tense: between a past date and a future date

Jana337

Senior Member
čeština
Hello,

Many apologies for such a silly title but I don't know how to word it properly. :)

In which tense should the verb in the following sentence be?

The funding decision was made in January 2008. All project we approved are (?) / have been and will be (?) / are being (?) carried out between April 2008 and March 2009.

This is a statement of a foundation and was written now in June 2008 if that helps. I'm trying to convince myself that the present works but I'm far from sure. I guess I could replace it by a trouble-free construction like "the period of implementation is ...". However, I am curious. :)
 
  • charisma_classic

    Senior Member
    English, U.S.A.
    All (the) projects we approved will be carried out between April 2008 and March 2009.

    Even though you have already started, the process is still continuing and not complete. They have not yet been "carried out". As we are discussing plans, I think "will be" is the most appropriate option.

    All (the) projects we approved are being carried out at this time.

    In this case, "are being" would be a better option, since we are discussing only a current event.
     

    wheaten

    Member
    USA english; Canadian English
    I suggest: All the projects we approved were to be carried out between April 2008 and March 2009.

    This leaves it open as to what has been done, which is a separate issue.
     

    Illuminatus

    Senior Member
    India, Hindi, English, Marathi
    I will tell you the exact meaning conveyed by the three options you have given:

    The funding decision was made in January 2008. All project we approved are carried out between April 2008 and March 2009.

    It tells a universal rule: that all projects are, as a matter of practice/habit, or as a plain fact, are carried out between the two dates.

    The funding decision was made in January 2008. All project we approved have been and will be carried out between April 2008 and March 2009.

    This conveys the meaning that all projects that you have approved have been carried out between the two dates in the past and will continue to be carried out in the future. This obviously makes no sense, unless you can time travel multiple times :). But it is meaningful in a sentence like this: All projects we commit to have been and will be carried out on time. Though, I am sure that this sounds slightly rude, rather, not-nice.

    The third option is the one which conveys your meaning.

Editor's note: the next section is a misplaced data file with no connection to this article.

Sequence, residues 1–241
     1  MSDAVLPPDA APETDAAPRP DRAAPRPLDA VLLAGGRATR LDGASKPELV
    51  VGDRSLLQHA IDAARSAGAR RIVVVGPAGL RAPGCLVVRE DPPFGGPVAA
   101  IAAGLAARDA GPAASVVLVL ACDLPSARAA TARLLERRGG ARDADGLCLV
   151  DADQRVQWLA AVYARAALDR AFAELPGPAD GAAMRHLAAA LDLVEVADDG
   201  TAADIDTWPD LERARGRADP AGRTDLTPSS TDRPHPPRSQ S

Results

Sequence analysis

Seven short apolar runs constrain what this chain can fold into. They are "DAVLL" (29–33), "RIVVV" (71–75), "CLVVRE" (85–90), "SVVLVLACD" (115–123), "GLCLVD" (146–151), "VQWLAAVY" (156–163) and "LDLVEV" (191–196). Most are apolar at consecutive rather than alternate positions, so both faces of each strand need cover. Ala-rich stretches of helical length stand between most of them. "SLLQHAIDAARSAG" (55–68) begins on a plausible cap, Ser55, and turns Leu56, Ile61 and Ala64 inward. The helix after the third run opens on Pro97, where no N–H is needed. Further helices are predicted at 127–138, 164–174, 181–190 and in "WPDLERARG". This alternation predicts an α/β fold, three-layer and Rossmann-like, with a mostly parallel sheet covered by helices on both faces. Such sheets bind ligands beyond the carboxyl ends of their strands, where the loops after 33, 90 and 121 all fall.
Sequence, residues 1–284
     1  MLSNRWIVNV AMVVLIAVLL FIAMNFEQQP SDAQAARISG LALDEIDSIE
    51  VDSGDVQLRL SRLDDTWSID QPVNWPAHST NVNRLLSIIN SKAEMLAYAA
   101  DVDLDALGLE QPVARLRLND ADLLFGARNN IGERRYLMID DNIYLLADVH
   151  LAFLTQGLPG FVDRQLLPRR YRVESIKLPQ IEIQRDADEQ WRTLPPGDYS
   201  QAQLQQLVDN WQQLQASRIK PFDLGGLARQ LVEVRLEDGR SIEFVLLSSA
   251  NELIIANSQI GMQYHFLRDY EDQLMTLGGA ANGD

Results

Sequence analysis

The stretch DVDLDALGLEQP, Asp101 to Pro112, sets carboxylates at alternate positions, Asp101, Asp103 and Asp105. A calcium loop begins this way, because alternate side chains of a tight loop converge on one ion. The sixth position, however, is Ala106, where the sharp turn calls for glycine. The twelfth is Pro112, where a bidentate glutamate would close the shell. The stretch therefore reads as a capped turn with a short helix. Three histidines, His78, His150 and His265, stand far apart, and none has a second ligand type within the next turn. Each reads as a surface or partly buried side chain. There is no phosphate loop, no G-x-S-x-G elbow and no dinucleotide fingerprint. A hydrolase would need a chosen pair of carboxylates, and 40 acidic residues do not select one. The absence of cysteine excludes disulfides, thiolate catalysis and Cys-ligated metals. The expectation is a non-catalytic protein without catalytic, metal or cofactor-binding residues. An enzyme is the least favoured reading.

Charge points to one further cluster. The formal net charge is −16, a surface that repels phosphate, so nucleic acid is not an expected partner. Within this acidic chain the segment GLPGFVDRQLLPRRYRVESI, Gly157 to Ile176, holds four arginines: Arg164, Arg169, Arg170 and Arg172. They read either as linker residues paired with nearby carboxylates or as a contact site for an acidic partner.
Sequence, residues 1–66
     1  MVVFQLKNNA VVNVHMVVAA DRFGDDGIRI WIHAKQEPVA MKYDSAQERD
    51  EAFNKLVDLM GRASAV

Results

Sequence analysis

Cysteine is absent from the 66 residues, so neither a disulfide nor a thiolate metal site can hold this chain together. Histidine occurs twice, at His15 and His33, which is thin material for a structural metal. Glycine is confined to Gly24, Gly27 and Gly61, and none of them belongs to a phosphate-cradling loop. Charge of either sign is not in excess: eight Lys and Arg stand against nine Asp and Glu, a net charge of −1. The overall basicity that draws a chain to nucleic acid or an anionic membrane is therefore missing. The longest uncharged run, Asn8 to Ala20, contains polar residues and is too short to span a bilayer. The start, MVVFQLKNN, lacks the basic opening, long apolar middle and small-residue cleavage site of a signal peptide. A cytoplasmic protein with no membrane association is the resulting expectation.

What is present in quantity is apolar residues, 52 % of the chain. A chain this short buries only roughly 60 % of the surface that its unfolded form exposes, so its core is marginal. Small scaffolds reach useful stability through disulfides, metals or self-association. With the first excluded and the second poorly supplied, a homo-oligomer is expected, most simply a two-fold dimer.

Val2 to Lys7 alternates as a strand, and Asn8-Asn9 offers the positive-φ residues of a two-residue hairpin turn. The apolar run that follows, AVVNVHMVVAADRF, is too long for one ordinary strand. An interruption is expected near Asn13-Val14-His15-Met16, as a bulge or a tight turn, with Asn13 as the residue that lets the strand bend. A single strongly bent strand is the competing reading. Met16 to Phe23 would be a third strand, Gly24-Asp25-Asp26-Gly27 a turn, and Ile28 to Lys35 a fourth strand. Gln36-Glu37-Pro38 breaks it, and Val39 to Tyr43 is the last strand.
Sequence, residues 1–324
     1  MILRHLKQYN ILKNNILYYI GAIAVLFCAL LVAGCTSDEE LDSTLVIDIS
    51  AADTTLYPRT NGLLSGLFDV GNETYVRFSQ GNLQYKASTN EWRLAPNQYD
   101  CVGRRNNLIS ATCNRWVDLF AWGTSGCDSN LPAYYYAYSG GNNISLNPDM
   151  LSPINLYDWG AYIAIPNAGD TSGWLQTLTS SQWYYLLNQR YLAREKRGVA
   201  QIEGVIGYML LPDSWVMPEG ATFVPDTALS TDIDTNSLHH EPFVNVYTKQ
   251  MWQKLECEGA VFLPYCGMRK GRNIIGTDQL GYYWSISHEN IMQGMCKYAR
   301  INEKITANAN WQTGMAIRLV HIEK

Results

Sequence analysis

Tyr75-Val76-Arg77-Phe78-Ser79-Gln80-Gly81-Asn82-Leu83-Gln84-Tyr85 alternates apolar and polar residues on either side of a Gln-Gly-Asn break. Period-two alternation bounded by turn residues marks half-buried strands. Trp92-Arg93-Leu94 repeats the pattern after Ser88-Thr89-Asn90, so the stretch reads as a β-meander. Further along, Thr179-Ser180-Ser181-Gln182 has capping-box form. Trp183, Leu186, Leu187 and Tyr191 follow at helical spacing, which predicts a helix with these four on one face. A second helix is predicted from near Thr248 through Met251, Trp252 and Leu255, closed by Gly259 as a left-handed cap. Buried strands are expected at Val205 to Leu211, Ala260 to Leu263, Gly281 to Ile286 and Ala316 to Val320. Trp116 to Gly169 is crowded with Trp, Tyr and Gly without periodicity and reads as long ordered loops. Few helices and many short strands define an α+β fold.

BTW, it will be projects, with the s, though I guess that was just a typing error.
     
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    Illuminatus

    Senior Member
    India, Hindi, English, Marathi
    I agree, but I think Wheaten wanted to differentiate between what was supposed to be done and what might actually be taking place. But yeah, a better wording for that would be like:

    All the projects we approved are planned/supposed to be carried out between April 2008 and March 2009.

    What is your opinion?
     

    charisma_classic

    Senior Member
    English, U.S.A.
    All the projects we approved are to be carried out between April 2008 and March 2009.

    I think this is a firmer statement. If I add "planned" or "supposed" then I am opening the door for the possibility of failure. This is a firm statement of the company's expectations (and which implies that it is their plan).
     

    panjandrum

    Lapsed Moderator
    English-Ireland (top end)
    Hello,

    Many apologies for such a silly title but I don't know how to word it properly. :)

    In which tense should the verb in the following sentence be?

    The funding decision was made in January 2008. All project we approved are (?) / have been and will be (?) / are being (?) carried out between April 2008 and March 2009.

    This is a statement of a foundation and was written now in June 2008 if that helps. I'm trying to convince myself that the present works but I'm far from sure. I guess I could replace it by a trouble-free construction like "the period of implementation is ...". However, I am curious. :)
    All projects we approved were to be carried out between April 2008 and March 2009.

    Wheaten said that at post #4.
    I think he was right.